John ILLSTON age 30 years buried July 31st 1864. No headstone.
To The Memory Of
My Beloved Husband
Robert John IRWIN
Who Passed Away on Christmas Day 1903
Aged 50 Years
After 33 Years Service
Robert J Irwin aged 48 and his wife Annie were living in Eperney? Villa in Hound according to the 1901 census. He was a barrack warden, presumably in Netley Hospital. Robert was born in Ireland.
In Memory of
Staff Sergeant Instructor A. JOHNSON
Always Remembered By The Permanent Staff and His Comrades
Of C. Company Burma Railways Battalion
In Undying memory of A Dear Son and Brother
S.S. I. Albert JOHNSON (Tricky)
Regt. and Burma A.F.I.
Born 20th December 1896 Died 15th February1928
Burial record 2114 Church of England
Annie JOHNSON late Infant School Mistress lived at no 132 Portswood Rd Southampton and was buried on November 27th 1913. No headstone.
Sacred To The Memory Of
Widow of Owen Johnson
Late Regimental Sergt Major
2nd Dragoon Guards
For many years Army Schoolmistress at Netley
Died November 24th 1913 aged 62 years
Owen and Annie (nee McGowan) were married in Woolwich in 1873. They had one son. They lived in Netley for the last 30 years of their lives. Annie was born in Montreal Canada.
In Memory Of John Mackenzie KENNEDY
Major and Paymaster
Royal Victoria Hospital
Died 16th July 1866 aged 68
Also his son William Chesborough Le Poer Kennedy
Curate of Dawlish
Died 20th September 1865 aged 29
I found a family tree on Ancestry.co.uk and contacted the very nice owner, Angus Petrie. Major John Mackenzie Kennedy is his 3 x Great Grandfather. Angus has very kindly sent me some photographs and research that he has done.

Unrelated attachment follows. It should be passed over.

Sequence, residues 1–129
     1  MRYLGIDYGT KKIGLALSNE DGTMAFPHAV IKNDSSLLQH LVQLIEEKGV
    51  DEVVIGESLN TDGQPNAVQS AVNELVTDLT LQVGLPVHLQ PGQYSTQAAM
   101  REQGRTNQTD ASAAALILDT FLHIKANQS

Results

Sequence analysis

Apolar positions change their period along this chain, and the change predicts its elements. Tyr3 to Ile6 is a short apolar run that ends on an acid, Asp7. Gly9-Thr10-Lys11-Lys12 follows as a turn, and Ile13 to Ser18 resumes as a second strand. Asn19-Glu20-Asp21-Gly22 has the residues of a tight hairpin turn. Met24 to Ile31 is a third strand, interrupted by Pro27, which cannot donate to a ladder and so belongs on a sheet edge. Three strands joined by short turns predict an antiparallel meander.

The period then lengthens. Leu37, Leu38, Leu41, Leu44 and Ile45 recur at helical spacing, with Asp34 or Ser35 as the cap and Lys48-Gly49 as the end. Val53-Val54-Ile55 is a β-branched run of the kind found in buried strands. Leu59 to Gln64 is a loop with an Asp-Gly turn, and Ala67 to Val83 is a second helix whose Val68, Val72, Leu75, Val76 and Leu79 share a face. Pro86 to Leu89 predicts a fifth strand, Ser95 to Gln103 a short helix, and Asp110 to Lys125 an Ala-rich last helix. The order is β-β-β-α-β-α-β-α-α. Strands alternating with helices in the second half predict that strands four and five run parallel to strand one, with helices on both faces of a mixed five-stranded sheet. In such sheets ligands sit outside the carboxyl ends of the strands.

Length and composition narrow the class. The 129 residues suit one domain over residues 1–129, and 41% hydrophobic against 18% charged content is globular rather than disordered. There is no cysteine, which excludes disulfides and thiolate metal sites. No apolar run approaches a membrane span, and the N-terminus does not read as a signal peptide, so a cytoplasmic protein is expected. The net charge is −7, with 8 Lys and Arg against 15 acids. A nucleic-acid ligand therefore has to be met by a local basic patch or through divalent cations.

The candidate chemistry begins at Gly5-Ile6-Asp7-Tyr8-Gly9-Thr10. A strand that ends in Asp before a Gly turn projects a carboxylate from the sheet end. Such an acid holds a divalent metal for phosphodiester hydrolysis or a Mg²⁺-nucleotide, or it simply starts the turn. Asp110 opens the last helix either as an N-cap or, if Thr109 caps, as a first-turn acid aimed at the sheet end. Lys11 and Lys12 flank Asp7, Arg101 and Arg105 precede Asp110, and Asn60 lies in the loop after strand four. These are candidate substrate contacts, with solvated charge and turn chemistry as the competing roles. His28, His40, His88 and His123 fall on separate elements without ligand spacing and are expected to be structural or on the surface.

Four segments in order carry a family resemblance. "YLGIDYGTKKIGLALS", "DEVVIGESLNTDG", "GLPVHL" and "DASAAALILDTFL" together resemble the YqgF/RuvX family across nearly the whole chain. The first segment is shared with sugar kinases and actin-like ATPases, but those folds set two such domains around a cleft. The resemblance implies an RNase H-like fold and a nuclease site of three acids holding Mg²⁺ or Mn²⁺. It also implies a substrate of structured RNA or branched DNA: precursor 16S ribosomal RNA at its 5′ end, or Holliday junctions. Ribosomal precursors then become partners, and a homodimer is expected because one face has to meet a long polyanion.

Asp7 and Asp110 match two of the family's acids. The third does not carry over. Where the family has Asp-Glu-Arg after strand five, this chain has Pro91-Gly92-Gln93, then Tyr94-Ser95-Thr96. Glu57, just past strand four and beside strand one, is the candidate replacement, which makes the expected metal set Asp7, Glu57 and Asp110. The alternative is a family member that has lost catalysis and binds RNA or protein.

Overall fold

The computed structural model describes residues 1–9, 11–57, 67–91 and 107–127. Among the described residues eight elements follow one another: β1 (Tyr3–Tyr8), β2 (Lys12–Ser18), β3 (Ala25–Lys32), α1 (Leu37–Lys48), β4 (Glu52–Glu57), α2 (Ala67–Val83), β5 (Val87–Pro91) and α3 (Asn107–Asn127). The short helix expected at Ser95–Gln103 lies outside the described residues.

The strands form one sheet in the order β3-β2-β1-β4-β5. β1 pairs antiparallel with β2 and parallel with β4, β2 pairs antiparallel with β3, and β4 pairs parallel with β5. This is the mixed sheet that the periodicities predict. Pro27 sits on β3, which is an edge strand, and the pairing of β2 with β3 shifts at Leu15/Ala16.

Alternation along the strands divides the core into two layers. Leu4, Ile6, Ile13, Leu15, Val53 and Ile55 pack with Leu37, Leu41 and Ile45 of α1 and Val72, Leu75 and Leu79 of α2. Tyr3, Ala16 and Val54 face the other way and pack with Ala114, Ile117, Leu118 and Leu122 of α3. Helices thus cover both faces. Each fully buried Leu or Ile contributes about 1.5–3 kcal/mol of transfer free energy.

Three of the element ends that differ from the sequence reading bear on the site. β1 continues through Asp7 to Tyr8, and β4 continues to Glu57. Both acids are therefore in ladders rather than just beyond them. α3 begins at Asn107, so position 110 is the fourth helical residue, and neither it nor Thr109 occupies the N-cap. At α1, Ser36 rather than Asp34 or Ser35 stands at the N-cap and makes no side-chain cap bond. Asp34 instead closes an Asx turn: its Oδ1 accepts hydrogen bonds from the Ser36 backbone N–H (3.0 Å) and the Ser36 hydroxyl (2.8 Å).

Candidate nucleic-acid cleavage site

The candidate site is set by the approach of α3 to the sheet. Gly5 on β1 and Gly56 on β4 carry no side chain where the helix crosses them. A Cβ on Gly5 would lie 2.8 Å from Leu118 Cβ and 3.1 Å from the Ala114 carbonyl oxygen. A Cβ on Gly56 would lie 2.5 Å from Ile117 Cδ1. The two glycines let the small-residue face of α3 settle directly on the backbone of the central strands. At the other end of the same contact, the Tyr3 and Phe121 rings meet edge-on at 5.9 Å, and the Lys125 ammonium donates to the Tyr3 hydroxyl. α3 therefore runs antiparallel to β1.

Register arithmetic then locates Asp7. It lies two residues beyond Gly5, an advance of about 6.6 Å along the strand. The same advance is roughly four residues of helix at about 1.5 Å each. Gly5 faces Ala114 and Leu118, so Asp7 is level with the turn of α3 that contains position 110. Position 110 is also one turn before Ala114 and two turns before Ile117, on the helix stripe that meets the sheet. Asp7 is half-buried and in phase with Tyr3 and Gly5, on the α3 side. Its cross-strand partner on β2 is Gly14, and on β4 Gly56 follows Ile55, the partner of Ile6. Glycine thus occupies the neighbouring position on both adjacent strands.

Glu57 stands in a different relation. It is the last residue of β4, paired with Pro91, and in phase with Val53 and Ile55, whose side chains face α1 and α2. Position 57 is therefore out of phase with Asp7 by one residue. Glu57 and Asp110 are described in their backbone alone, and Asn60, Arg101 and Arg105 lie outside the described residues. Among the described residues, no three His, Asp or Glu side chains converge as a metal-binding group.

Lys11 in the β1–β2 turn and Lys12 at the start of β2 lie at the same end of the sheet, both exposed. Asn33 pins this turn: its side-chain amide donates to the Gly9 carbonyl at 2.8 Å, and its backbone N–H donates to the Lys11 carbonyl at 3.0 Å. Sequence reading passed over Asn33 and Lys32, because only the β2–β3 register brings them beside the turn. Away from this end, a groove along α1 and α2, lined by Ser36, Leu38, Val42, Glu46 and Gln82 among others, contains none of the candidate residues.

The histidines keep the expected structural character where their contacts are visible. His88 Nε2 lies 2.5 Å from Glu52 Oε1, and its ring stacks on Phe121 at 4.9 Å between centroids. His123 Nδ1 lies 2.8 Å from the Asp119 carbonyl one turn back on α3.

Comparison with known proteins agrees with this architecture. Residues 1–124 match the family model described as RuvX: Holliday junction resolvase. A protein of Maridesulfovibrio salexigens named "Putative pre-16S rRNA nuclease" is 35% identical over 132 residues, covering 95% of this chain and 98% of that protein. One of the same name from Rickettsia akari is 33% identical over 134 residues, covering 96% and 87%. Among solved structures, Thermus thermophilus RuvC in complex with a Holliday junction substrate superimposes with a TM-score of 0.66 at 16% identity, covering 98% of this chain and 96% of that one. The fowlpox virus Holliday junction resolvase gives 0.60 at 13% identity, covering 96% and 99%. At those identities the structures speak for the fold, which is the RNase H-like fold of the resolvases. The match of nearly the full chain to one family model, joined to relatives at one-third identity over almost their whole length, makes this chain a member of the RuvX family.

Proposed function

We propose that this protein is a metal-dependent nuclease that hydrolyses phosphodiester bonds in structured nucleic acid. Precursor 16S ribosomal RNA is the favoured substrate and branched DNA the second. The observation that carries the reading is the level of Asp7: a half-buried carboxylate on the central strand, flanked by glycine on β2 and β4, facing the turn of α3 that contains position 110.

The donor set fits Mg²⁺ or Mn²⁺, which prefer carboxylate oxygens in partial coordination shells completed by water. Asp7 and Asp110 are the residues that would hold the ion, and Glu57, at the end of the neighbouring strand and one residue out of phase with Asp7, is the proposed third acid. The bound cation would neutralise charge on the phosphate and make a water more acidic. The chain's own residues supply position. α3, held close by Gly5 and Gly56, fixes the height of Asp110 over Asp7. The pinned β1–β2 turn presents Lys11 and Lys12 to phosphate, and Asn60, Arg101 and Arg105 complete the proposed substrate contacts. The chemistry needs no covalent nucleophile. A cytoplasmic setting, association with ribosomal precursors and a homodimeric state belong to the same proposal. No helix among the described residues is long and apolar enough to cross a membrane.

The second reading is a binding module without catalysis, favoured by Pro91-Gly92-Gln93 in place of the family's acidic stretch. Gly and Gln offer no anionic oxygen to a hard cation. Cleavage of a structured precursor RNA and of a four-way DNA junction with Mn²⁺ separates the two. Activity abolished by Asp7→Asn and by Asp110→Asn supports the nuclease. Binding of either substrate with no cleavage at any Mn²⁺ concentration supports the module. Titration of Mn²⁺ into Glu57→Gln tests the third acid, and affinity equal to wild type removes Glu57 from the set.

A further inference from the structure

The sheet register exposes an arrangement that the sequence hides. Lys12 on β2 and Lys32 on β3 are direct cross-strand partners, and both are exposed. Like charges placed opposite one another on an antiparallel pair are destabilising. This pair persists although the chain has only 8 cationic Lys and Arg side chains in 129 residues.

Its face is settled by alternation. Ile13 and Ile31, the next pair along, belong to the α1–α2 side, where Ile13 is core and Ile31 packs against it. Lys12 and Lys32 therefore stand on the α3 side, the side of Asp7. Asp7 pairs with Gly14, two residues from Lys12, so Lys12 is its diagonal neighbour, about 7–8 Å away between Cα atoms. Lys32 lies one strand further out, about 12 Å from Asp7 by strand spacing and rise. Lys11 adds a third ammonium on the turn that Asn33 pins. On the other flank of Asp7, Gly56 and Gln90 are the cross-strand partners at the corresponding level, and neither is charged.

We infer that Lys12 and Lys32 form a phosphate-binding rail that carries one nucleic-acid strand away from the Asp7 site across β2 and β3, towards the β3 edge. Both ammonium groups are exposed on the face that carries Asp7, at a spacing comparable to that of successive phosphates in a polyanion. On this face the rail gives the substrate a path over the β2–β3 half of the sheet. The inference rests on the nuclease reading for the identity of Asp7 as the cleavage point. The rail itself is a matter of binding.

Hampshire Telegraph 30th September 1865.
Major John Mackenzie Kennedy (1798 – 1866), Paymaster for the Royal Victoria Hospital, Netley
John Mackenzie Kennedy served in the army for fifty two years. He was born into a doctor’s family in Inverness on 13th March 1798. He began his duties aged fifteen serving first with His Majesty’s 76th Regiment of Foot, the Immortals, mostly in Canada. His manuscript account was used in the regimental history to tell the story of actions against the United States forces. He became the regimental paymaster in 1828 and after some years in Ireland was posted to St. Lucia in 1834. In 1835 he served in Grenada and Dominica. The following year he was serving in Jamaica and transferred to the His Majesty’s 22nd Regiment of Foot, the Cheshire Regiment, as paymaster. From 1837 to 1840 he was mostly in Ireland. He then went to the Bombay in India before joining General Napier’s campaign to the Scinde. He was awarded the Scinde medal for the action at Hyderabad. After the annihilation of Her Majesty’s 44th Regiment of Foot he transferred to it and served in Ireland whilst the regiment was built up to strength.
He foresaw that he would have to return to India and on account of his wife’s health and her sorrow at the recent death of a son wrote asking for a position on the Staff as paymaster. He worked in this capacity firstly at Maidstone at the cavalry depot, then in Scotland on recruiting duties, and next at Chatham with the Invalid units. His final post was at the Royal Victoria Hospital, Netley where he served as a paymaster until his death in 1866.